An especially resistant reinforcement for the tube may be produced by winding a third layer spirally over the second layer and in the opposite direction. In this way, distortion of the inner tube by the intended internal pressure is reliably prevented. The inner tube reinforced in this way can therefore subsequently be subjected without difficulty to a relatively high internal pressure for winding on a supporting spiral, which is then heated and finally provided with an extruded outer tube.
The temperature range in which the adhesive used for producing or for coating the strip acquires adhesive capacity is preferably coordinated with the outlet temperature of the inner tube when it emerges from the extrusion nozzle. A material which becomes adhesive in the range between 130° and 150° C., is preferably used for this purpose.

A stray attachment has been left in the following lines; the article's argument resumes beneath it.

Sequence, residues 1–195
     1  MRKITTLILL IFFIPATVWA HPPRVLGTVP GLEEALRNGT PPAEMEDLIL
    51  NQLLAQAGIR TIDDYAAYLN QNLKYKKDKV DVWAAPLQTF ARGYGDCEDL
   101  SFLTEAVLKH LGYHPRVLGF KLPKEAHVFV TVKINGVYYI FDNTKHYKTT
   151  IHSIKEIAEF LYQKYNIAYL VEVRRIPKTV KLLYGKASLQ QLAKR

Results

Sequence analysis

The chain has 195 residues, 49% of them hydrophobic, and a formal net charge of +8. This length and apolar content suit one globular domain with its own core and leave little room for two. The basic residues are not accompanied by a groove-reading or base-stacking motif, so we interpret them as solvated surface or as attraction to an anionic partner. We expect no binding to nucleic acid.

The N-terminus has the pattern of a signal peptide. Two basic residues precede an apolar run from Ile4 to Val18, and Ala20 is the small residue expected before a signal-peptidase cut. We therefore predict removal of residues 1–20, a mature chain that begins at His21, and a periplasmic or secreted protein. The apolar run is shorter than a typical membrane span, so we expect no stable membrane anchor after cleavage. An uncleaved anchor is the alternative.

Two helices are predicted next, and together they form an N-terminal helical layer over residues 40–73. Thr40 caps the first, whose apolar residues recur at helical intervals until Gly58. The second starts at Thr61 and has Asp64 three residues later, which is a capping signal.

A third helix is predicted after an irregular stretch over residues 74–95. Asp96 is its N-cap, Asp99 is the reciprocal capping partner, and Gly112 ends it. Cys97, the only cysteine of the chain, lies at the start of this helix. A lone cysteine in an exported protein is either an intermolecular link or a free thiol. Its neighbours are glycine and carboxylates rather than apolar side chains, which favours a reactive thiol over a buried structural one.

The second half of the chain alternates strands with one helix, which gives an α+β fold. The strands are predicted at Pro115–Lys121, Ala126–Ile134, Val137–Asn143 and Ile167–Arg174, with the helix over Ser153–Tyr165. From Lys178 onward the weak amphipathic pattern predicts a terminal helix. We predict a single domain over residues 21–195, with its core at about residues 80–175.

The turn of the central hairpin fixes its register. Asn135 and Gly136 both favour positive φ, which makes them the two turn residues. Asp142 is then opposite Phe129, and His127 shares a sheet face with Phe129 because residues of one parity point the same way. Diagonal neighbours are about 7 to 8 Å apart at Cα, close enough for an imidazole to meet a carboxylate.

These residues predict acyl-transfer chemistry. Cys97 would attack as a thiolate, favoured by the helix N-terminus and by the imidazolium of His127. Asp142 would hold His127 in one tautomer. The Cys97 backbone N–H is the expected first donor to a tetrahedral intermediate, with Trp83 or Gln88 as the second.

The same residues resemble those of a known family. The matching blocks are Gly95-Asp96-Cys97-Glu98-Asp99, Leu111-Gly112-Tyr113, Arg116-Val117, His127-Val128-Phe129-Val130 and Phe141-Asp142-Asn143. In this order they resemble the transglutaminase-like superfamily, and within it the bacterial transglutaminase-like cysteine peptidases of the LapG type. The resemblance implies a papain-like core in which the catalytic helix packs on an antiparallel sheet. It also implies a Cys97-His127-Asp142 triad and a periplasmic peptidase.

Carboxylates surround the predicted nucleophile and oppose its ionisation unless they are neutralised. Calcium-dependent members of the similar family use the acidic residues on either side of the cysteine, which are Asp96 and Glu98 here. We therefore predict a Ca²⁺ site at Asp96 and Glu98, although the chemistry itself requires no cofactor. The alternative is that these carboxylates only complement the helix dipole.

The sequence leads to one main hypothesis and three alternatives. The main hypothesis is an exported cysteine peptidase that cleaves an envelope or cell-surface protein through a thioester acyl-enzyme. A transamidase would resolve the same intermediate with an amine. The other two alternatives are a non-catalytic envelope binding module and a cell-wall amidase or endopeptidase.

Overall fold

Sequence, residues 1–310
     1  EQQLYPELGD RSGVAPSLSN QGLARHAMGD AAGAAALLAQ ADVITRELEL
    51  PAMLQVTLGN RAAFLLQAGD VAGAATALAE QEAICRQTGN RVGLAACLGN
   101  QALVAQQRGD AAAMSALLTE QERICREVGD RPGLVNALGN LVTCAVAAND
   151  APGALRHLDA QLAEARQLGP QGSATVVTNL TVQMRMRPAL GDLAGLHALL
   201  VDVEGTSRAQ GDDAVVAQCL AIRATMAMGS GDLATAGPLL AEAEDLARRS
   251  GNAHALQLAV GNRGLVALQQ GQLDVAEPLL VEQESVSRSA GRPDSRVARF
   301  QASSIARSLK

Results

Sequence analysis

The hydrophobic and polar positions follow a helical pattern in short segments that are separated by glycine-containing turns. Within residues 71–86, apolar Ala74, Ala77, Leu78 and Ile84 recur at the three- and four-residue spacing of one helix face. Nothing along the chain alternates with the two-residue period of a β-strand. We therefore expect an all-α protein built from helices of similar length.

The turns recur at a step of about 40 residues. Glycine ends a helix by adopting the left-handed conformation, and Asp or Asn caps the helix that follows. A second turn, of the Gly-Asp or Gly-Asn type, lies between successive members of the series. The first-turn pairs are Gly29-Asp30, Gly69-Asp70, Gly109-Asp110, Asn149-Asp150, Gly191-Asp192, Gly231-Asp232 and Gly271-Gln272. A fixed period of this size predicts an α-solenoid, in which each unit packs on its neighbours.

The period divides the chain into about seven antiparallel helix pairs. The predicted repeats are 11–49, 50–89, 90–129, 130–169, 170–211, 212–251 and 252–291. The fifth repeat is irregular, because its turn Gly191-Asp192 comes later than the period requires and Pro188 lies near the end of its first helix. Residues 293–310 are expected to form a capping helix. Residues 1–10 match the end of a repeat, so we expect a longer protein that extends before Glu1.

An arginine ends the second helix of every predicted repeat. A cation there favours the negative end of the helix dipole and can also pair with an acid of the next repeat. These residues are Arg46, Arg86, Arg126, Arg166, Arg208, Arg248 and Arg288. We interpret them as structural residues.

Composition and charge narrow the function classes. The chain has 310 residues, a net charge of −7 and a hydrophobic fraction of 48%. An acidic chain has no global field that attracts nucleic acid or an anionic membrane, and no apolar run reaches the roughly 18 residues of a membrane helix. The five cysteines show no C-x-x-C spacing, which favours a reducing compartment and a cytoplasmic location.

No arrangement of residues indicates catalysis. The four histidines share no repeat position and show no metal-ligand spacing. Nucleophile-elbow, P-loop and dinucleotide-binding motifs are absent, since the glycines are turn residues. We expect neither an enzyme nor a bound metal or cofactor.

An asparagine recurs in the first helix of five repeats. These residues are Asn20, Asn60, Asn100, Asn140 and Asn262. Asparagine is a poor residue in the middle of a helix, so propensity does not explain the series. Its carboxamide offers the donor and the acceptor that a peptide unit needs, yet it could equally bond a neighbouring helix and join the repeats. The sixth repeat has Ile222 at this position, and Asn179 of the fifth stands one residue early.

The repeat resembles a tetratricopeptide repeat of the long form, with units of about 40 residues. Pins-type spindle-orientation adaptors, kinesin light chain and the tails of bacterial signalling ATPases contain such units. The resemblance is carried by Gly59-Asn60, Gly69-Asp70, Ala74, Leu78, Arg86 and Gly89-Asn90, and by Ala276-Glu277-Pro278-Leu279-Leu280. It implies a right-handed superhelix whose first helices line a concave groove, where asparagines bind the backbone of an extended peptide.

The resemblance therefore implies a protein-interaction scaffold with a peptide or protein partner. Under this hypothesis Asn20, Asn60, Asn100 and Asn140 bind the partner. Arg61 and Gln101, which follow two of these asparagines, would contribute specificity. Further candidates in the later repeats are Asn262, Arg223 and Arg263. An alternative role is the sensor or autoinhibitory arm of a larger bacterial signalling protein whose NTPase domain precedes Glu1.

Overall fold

After adhesion, the resulting bond is cured to substantial working strength by cooling to 100° C.
A reinforced tube constructed in accordance with the invention may be provided with an outer sheath by extruding thereon a thin layer of PVC with a thickness of 0.2 to 0.3 mm. This plastic bonds well to the outermost layer of strips of the reinforced inner tube, since the extrusion temperature is above the melting point of the adhesive on the strip. This adhesive is selected in accordance with the preferred specifications mentioned above. A very light-weight, but extremely pressure-resistant resistant composite tube is thus obtained. Even if the diameter is relatively large the tube can be laid flat for transport and storage and can therefore be coiled up in a space-saving way. However, if the wall thickness of the outer tube is relatively thick, the tube cross-section can remain round even under bending stress.
A reinforced tube which is light-weight, but especially resistant to pressure and bending stress can be produced, without using an assistance mandrel, by means of a supporting spiral made of relatively stiff material and bonded both to the reinforced inner tube and the extruded sheath.